Table 2 – Estimation of parameters of competing ARIMA models of
AIC and BIC criteria for the generalindex of scraps
Models 
Parameters 
AIC 
BIC 
AR(1) 
?1= 0.512 
2.353 
2.348 
AR(2) 
?1= 0.323
?2= 0.367 
2.495 
2.484 
ARMA(1,1) 
?1= 0.997
θ1= 0.951 
2.701 
2691 
IMA(1,1) 
θ1= 0.952 
2.702 
2.697 
The best model choosen was an autoregressive with lag 1  AR (1), the residues are investigated by mean of ACF and PACF to validate them for the application of residues control charts.
To test for the presence of heteroscedasticity in the residues of the model AR(1) is applied the ARCHLM hypothesis test. By the hypothesis test was found: FC = 22.818 with prob = 0.000 and T.R2 = 22.296 with prob = 0.000 being F statistics and ARCHLM significant, rejecting the null hypothesis of homocedasticity, so that the residuals of the variable general index of scraps of gray and nodular cast irons are heteroscedastic. Using the residuals of the AR (1) model, the conditional volatile is estimated using the mixed model ARIMAARCH in Table 3.
Table 3  Estimation of the coefficients, standard errors, zstatistic and pvalue
of the ARIMAARCH model for the variable general index of scraps
Method: ML – ARCH (Marquardt) – Normal Distribution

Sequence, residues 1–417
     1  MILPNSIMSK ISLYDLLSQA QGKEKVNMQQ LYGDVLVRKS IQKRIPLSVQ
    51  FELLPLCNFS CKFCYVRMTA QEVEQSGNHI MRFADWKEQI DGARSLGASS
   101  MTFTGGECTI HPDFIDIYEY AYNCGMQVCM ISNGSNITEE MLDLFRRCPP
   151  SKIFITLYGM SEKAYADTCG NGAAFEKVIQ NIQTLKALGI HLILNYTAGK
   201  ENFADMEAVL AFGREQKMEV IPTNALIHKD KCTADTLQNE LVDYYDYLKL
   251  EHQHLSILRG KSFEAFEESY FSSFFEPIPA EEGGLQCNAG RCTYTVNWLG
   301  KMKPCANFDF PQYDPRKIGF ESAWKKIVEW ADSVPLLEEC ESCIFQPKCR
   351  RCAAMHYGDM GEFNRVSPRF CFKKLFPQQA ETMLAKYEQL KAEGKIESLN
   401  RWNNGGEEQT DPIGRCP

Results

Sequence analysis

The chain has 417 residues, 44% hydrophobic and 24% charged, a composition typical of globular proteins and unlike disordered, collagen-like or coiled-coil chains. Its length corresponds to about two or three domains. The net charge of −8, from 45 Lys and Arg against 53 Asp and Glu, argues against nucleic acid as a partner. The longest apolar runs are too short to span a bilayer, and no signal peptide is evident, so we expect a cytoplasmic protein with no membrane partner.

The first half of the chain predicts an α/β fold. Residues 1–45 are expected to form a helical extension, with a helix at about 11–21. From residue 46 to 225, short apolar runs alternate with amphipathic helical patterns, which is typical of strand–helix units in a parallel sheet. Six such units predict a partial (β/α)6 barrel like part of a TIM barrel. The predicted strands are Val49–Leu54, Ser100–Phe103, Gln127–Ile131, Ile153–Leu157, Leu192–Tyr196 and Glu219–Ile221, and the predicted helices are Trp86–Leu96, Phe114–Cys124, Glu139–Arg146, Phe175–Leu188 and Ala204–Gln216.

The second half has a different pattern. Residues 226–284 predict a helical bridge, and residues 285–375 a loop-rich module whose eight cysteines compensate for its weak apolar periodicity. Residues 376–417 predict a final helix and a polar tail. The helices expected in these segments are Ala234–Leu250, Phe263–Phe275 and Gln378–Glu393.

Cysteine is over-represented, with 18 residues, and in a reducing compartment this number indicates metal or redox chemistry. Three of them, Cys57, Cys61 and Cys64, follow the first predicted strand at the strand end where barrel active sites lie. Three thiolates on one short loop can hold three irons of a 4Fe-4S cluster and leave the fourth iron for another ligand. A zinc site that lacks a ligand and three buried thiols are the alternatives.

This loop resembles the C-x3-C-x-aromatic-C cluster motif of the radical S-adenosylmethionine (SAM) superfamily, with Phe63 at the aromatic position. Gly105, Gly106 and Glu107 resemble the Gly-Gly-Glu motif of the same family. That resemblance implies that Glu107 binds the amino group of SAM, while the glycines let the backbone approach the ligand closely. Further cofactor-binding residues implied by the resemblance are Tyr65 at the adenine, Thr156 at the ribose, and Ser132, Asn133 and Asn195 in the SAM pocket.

Equation for conditional mean  AR(1) 

Coefficient 
Standard Error 
z Statistics 
pvalue 
?1 




Equation for conditional variance – ARCH (1) 
C





The estimated for mean and volatility is an AR(1)ARCH(1) with parameters statistically significant, white noise characteristics and non autocorrelated. The parameter of the ARCH model assumes the value of 0.222098, which shows that the conditional variance does not have a prolonged effect,after a short period of time, the series variance must converge to the historical mean. This means that the general index of scraps in the previous period does not influence strongly the next period. It also means that if the control charts show sampling points outside the limits, it should be primarily due to deviations or displacements of the mean and not due to the process variability, once the ARCH model detects little influence of variability, the effects of approximately 0.22 are too low to cause longterm effect of variability.
Where as when performing statistical process control the company quality center confir the achievement of data precontrol and consider the process under control. To initiate this step, we present the control charts for individual measurements and moving range in Figures 5 and 6, using the original data set. In the control chart and were added the runs rules, which can reveal the existence of special data patterns, we can see plenty of points outside the control limits, causing high instability in the series of index of scraps of gray and nodular cast irons.
Figure 5  chart of the general index of scraps for original data